Fall Season

Well, the fall season is just about officially ready to begin, and south Georgia is beginning to feel the affects of it also. Martha and I spent last week in Highlands, N.C. where, thanks to elevation, it felt more like winter than fall if you are a native South Georgian. When we arrived last Monday morning, the external thermometer on my car was reading 38 degrees—BRRR ! We spent the week doing our normal thing there—I read books on my Kindle while Martha tried to help the local economy by shopping every day.


This morning got off to less than a stellar beginning for me. I missed a trophy armadillo in my yard at 5:30 am. As I was explaining to Cader IV that the flashlight slipped in my hand about the time I was squeezing the trigger, he responded, ” Dad, you sound a lot like most of our guests describing how they missed a quail. It is always every reason except the fact that they just missed the bird”. He may be correct, but he had better not make a mistake this week or I plan to pounce on him like “white on rice”.


Speaking of quail, this week we will begin the integration of our pointing and flushing dogs working together. Dogs are like people, and have distinct personalities. It’s Moss’s job to find the dogs that get along and work well together. This is also the time of the year that our vet bills climb due to dog fights until the alpha males rise to the top, and we make certain that we are not pairing two alpha males together.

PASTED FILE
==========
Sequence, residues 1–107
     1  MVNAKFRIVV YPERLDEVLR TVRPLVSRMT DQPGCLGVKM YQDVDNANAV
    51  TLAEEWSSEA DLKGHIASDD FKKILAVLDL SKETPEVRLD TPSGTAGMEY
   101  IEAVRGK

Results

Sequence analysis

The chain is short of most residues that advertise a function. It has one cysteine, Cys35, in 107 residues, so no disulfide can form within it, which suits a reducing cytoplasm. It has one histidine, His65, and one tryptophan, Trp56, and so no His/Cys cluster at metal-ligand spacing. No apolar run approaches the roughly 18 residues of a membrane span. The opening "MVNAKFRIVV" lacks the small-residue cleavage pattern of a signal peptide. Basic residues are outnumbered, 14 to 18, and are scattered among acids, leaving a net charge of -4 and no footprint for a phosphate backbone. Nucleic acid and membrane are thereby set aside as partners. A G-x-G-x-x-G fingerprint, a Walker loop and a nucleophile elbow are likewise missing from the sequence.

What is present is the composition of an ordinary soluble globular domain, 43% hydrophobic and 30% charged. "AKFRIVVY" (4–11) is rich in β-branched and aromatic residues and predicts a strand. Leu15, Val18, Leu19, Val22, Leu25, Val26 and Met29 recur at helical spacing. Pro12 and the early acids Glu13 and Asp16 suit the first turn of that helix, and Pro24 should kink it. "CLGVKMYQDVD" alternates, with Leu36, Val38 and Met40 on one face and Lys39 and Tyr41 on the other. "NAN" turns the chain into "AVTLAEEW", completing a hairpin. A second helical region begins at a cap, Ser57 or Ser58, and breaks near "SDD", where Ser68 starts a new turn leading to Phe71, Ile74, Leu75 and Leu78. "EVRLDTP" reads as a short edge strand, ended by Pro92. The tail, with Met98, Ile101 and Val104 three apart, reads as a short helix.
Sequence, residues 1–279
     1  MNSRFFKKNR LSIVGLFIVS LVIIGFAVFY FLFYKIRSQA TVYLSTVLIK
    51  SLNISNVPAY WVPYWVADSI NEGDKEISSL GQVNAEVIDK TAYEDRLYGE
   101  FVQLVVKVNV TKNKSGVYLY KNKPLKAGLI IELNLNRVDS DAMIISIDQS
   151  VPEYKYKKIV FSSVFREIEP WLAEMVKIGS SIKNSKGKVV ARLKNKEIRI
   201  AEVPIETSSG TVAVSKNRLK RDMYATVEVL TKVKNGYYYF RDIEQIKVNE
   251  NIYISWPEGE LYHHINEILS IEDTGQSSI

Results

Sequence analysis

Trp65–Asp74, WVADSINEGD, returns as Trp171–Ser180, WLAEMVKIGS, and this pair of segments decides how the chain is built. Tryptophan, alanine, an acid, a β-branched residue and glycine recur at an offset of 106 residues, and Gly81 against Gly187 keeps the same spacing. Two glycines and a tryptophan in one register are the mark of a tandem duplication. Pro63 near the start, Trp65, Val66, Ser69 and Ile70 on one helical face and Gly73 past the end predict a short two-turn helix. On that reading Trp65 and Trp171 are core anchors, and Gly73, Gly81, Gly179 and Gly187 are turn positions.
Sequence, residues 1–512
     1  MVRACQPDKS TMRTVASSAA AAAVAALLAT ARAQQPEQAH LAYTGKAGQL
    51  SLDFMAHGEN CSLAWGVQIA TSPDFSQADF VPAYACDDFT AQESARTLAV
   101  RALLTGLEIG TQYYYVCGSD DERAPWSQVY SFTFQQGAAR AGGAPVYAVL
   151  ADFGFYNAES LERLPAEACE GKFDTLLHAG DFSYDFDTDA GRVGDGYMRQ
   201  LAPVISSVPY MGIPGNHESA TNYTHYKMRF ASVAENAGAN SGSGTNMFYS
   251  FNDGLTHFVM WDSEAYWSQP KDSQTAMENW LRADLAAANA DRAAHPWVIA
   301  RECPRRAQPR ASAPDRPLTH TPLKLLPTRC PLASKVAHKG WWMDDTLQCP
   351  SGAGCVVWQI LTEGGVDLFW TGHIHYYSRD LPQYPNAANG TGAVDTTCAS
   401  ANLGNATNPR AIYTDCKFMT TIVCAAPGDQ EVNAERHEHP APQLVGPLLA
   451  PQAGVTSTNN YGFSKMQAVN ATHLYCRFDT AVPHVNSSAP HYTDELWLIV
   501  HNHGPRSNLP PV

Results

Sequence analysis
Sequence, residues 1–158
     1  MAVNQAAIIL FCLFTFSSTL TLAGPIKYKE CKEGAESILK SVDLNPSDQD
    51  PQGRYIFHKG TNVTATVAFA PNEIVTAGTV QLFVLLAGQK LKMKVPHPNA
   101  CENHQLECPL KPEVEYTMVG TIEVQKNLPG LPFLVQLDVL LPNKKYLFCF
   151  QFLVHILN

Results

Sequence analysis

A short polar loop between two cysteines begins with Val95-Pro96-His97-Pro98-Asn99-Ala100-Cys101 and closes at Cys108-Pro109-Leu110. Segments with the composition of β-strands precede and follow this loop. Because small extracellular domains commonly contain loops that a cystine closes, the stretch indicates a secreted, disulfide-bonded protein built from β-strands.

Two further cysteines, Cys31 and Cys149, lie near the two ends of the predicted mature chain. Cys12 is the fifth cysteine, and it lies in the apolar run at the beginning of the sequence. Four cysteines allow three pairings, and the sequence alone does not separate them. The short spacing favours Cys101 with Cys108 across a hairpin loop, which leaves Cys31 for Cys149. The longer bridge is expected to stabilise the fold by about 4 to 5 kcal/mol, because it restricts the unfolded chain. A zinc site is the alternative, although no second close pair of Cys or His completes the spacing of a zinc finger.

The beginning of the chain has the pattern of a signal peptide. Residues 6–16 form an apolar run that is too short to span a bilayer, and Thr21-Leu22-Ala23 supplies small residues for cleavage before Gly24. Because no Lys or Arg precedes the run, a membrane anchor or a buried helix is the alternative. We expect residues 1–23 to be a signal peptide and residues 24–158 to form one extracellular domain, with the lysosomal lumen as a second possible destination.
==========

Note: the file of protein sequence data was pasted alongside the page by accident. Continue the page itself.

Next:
Jerry has also begun official guide training for our three young guides that we have hired for the season. This process will include three weeks of formal class room training and woods orientation, followed by three weeks of field work as apprentices to our senior guides. We have three fine young men joining us this year.


As a closing note, just in case any of you have tried to call us in the past day or so and received no answer, we are still in business. However, we have no telephone service. It seems as though we may have sliced our main ATT phone cable while preparing to plant our winter rye grass on the borders of the Lodge road leading into the main lodge. Since our harrow only goes about six inches in the ground, I find this hard to believe, but our ATT guy swears that it’s the case. We have a dig crew coming this morning to locate and splice the cut.


The lodge grounds and woods look great, and we are looking forward to a great 2015-2016 season. Give us a call, and come see what all we have done since your last visit.